The 64 bonus tracks The girth of bonus material is as good as fans can expect an artist to provide.  I mean, no artist wants to provide B- material in heavy doses.   In the 42 years since the Beatles broke up they’ve officially released fewer demos and outtakes than you can find on this single reissue of Mellon Collie. A combination of strong fidelity mixed with melodic, unreleased melodic tracks are the most sought after.

CD 3-5

Let’s play the division game for the new 64 tracks and break them each down into three categories:

  1. Must own
  2. Nice to have
  3. Skip



  1. Tonight, Tonight (Strings Alone Mix) – Nice to have.  If this were from anything less than a classic song it would be a Skip.
  2. Methusela (Sadlands Demo) – Must own.  And as with most of the Sadlands Demos, it’s a rather remarkable addition to what would have been a suitable triple album originally.
  3. X.Y.U. (Take 11) – Nice to have.  A good mix of the powerful track but not a significant addition to the original version.
  4. Zero (Synth Mix) – Nice to have.  But again, not a significant addition here to the original.
  5. Feelium (Sadlands Demo) – Must own.  Tracks like this and “Ascending Guitars” are where this deluxe set shows its true teeth!
  6. Autumn Nocturne (Sadlands Demo) – Must own.  Another strong fidelity demo of a song that sounds nothing like anything else on the original album.
  7. Beautiful (Loop Version) – Must own.  A dramatically different version of one of the album’s odd love songs.
  8. Ugly (Sadlands Demo) – Must own.   The Sadlands Demos should have just had their own dedicated CD in this release.   They’re that good.  That epic.
  9. Ascending Guitars (Sadlands Demo) – Must own and phenomenal.  This writer’s favorite track on this disc.
  10. By Starlight (Flood Rough) – Nice to have.  Rough mix, as noted, but simply OK.
  11. Medellia Of The Gray Skies (Take 1) – Nice to have.  Wonderful track but not too far away from its original beauty.
  12. Lover (Arrangement 1 Demo) – Nice to have.  A rough version of a below-average Iha track.
  13. Thru The Eyes Of Ruby (Take 7) – Nice to have.  A quality, slightly different instrumental version of a great track.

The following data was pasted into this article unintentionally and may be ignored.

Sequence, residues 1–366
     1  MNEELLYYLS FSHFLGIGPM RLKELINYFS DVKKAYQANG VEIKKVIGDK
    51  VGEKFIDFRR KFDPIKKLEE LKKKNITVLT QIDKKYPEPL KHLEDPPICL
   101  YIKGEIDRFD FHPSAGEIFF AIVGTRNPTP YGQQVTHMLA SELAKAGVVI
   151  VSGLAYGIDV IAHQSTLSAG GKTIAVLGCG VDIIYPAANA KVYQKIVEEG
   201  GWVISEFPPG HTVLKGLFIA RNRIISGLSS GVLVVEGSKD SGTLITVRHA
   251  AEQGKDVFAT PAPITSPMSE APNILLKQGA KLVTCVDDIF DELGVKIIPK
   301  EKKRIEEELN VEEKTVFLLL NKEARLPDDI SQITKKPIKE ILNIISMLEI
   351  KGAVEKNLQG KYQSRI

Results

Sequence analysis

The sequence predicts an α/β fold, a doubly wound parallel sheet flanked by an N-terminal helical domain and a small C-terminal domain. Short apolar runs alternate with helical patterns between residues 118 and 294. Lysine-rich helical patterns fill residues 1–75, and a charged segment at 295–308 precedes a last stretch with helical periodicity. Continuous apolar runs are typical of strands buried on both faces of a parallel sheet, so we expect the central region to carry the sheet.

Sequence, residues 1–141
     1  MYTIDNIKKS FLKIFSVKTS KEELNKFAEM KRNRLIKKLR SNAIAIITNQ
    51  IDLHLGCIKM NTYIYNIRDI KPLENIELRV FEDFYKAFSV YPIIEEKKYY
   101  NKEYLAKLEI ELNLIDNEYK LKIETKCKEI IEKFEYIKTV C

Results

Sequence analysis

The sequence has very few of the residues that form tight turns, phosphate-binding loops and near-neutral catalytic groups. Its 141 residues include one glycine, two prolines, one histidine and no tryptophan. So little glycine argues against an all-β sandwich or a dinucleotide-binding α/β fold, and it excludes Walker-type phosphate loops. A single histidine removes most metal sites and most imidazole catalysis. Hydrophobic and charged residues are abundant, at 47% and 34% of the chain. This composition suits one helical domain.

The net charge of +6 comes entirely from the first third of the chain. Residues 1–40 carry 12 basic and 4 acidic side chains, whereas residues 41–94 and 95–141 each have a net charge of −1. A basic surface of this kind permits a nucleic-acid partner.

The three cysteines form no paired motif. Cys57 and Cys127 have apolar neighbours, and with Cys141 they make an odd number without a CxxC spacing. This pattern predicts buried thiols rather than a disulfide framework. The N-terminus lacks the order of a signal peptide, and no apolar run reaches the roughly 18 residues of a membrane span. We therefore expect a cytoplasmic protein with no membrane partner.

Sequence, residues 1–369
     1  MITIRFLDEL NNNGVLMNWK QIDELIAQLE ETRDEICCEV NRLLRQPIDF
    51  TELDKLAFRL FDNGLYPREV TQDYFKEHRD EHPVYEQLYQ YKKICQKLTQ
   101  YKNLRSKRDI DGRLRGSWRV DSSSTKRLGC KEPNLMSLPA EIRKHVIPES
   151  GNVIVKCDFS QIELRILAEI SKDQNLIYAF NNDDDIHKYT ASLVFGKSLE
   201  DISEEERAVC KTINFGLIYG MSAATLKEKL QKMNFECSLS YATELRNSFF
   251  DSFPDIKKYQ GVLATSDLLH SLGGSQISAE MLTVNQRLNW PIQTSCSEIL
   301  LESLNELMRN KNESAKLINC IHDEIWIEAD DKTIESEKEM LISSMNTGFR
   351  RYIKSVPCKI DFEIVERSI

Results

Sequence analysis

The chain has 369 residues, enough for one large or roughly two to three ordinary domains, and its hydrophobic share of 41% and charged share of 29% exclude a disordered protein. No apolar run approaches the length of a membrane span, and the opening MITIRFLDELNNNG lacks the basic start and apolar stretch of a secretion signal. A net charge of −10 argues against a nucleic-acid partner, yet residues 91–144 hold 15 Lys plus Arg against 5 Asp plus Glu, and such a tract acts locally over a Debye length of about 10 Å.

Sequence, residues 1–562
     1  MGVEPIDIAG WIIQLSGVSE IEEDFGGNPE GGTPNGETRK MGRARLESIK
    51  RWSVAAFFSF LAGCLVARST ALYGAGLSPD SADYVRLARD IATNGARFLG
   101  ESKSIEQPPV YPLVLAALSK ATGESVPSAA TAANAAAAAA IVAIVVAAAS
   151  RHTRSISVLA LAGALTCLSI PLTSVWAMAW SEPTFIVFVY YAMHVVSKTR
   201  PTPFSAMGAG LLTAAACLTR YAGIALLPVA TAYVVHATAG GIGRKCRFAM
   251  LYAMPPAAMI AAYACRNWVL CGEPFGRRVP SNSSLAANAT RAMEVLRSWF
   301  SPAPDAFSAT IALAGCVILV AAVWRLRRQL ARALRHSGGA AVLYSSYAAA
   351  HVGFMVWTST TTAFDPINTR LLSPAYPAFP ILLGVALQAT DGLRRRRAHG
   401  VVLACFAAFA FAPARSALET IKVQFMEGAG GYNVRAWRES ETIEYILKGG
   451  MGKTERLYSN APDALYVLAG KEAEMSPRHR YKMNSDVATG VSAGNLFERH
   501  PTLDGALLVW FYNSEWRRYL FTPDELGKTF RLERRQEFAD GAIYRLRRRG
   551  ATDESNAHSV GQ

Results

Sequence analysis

14. In The Arms Of Sleep (Early Live Demo) – Must own.   Wonderful quality single-take.
  15. Lily (My One And Only) (Sadlands Demo) – Must own.  Another quality single-take on full acoustic by Corgan.
  16. 1979 (Sadlands Demo) – Must own.  In my opinion, the track that changed it all for the Pumpkins.  It lifted them above potential niche that repeating Siamese Dream would have stuck them in.   This version is different enough to be a welcomed inclusion.
  17. Glamey Glamey (Sadlands Demo) – Must own.  This is why reissues have true value.  Powerful instrumental.
  18. Meladori Magpie (2012 version) – Nice to have.  Not too far off from the original to be mandatory.
  19. Mellon Collie And The Infinite Sadness (Home Piano Version) – Skip.  A beautiful track on the original album and this one adds very tiny value.
  20. Galapogos (Instrumental/Sadlands Demo) – Must own.  Beautiful sounding track that is dramatically different from the original.
  21. To Forgive (Sadlands Demo) – Must own.  Sound quality alone on the opening chords of Corgan’s acoustic guitar blows this out of the water – sounding better than the original in fact.




  1. Bullet With Butterfly Wings (Sadlands Demo)  – Must own.  Similar vocal arrangement to the original but an acoustic gem of a version!
  2. Set The Ray To Jerry (Vocal Rough) – Nice to have.  Similar to original in mix and sound.
  3. Thirty-Three (Sadlands Demo) – Must own.  Similar vocal track but quite a bit different instrumental track.
  4. Cupid De Locke (BT 2012 Mix) – Must own.  Another great sound quality, alternate version – different enough to warrant a listen away from the original.
  5. Porcelina Of The Vast Ocean (Live Studio Rough) – Nice to have.  Crisp, early demo version with a raw vocal track.
  6. Jellybelly (Instrumental/Pit Mix 3) – Nice to have.   Very similar to original in feel.
  7. The Aeroplane Flies High (Turns Left, Looks Right) – Nice to have.   Again, very similar to original in feel.